“They not the police. They are here to offer a hand. Some advice. They here to build character with you. Not to build character with cuffs.”

Obama’s election didn’t mean much to Big Mike.

“I’m not the type of person who believes in a lot of colours. Because right now, if it ain’t green [the colour of money], you ain’t going nowhere.”

‘If it was hopeless we wouldn’t be in this room’
The Ceasefire model has been adopted in several other cities across the United States and has been championed by Obama’s administration.

But it is constantly struggling to secure funding to hire outreach workers and keep neighbourhood offices open.

And the sheer scale and depth of the problem can be overwhelming.

Even though the murder rate has dropped sharply in recent years, there were still 511 people slain in Chicago last year. The typical victim was a young black man with a criminal record shot to death on the streets of the same troubled neighbourhoods.

Derrion Albert (16) was an honours student who never got into trouble until he was caught up in a fight as he was walking home from school on September 24. He made national news when a cellphone video emerged showing him being knocked over the head with a wooden plank and kicked repeatedly as he lay crumpled on the ground.

His aunt stood tall at a press conference when she told reporters: “We need to get to our children and find out what is the problem and why they are so angry and full of vengeance that they could even consider doing something like that to another human being.”

But back at the Ceasefire office in Roseland — the same neighbourhood where Obama worked as a community organiser — the strain is beginning to show as Bob Jackson and his team try to help her make the funeral arrangements.

Rose Braxton sighs as she tells them she needs to get her nephew’s body measured so they can buy him a suit to buried in.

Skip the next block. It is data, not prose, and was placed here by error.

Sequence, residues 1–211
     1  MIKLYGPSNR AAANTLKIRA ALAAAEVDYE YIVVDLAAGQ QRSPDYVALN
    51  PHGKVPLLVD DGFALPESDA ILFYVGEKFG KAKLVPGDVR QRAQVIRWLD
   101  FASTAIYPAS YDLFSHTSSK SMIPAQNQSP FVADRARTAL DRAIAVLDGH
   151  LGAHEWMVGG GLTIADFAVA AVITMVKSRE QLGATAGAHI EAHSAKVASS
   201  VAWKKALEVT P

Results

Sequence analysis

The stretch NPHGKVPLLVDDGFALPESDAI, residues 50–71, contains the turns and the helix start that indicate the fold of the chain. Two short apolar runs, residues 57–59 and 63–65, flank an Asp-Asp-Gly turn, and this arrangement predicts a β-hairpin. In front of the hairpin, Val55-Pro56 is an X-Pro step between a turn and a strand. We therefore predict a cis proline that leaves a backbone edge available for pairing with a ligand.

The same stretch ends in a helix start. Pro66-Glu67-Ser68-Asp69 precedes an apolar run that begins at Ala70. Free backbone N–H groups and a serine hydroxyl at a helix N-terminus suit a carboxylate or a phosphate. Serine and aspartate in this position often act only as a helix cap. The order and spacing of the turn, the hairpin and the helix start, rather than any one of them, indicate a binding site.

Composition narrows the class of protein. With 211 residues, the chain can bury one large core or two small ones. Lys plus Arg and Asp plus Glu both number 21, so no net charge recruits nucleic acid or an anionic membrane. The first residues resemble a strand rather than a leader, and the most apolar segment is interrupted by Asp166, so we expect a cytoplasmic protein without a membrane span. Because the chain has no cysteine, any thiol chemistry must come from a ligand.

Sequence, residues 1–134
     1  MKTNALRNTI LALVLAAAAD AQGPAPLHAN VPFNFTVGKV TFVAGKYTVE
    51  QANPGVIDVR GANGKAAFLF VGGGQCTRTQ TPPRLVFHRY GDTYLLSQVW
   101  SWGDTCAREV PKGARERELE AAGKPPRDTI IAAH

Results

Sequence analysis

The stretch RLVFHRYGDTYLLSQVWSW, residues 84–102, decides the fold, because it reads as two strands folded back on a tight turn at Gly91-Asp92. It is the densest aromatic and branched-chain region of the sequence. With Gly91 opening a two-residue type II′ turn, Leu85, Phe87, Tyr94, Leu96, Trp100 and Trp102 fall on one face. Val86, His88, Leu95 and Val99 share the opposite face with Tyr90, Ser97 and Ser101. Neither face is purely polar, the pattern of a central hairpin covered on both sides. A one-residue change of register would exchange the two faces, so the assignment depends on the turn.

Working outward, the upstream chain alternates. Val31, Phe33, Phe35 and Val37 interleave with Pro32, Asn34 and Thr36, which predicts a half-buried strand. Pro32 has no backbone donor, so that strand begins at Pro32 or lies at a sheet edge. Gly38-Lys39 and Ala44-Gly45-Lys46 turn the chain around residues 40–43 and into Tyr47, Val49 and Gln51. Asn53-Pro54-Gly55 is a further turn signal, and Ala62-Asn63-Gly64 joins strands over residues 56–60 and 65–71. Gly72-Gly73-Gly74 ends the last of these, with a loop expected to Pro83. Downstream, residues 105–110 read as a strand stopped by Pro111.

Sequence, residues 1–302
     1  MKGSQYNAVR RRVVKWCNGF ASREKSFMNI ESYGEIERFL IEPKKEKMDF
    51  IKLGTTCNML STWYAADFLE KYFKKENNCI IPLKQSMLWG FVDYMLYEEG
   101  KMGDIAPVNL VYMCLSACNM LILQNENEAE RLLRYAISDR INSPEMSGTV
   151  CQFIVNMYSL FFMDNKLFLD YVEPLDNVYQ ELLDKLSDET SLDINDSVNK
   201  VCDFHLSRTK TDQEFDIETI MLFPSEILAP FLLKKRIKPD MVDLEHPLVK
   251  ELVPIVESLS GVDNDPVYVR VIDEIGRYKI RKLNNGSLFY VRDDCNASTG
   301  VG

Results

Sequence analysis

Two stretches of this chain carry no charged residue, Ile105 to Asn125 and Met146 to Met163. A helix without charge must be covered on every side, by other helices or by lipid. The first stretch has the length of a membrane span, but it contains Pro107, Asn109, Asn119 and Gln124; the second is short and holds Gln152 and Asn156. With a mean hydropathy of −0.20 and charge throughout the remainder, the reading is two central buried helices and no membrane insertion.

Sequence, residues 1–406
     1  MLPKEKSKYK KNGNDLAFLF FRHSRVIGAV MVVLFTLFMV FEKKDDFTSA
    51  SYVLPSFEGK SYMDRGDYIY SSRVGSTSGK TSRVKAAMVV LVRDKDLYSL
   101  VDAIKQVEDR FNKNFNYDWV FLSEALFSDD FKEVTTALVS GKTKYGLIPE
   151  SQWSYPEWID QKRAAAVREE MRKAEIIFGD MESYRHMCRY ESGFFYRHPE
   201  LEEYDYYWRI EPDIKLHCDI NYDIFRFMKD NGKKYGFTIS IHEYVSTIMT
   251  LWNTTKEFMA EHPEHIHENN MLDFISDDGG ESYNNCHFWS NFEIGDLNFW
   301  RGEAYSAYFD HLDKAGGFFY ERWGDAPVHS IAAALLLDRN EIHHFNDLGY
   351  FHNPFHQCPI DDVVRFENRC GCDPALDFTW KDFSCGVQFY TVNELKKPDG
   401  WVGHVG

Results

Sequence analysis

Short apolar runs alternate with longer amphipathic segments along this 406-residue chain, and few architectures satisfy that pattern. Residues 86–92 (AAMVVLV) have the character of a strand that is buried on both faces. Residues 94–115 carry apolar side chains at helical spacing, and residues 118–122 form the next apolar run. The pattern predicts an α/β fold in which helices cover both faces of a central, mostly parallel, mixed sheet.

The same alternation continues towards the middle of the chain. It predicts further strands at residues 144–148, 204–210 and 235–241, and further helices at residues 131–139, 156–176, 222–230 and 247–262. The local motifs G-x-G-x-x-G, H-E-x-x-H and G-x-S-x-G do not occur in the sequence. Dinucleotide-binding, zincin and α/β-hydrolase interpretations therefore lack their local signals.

He could have been living in a small town in southern Illinois with his mother but he liked it better in Chicago.

“He wanted to stay here,” she says.

Someone finally drives her home and Jackson leans back in his chair to plan Ceasefire’s next moves. They’ll have to track down the families of the other boys who got hurt, and of the four teens charged in Albert’s death.

The frustration pours out about the cycle of violence they face every day.

“Who’s helping the crack babies now that they’re 17 years old? And they’re having babies of their own,” Jackson says, his voice rising.

A lot of those kids grew up smoking crack with their parents and witnessing the violence that flows from the agitation of coming down.

“Nobody’s taught them how to deal,” Jackson says. “Why little Johnny can’t read? Johnny’s got all this stuff going on in his head. He’s all fried up. Can’t concentrate.”

Then Florence walks in. A crack addict who squats in a nearby abandoned building and hasn’t seen her eight kids in years, Florence has become another one of Jackson’s projects.

“I refuse to give up on Florence like I refuse to give up on this job,” Jackson says.

“If it was hopeless we wouldn’t be in this room.” — AFP